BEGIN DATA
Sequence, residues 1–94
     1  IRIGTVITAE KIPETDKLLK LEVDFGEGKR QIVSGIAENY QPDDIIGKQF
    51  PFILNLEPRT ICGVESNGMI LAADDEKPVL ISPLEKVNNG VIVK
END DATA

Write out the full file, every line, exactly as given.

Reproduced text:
Sequence, residues 1–94
     1  IRIGTVITAE KIPETDKLLK LEVDFGEGKR QIVSGIAENY QPDDIIGKQF
    51  PFILNLEPRT ICGVESNGMI LAADDEKPVL ISPLEKVNNG VIVK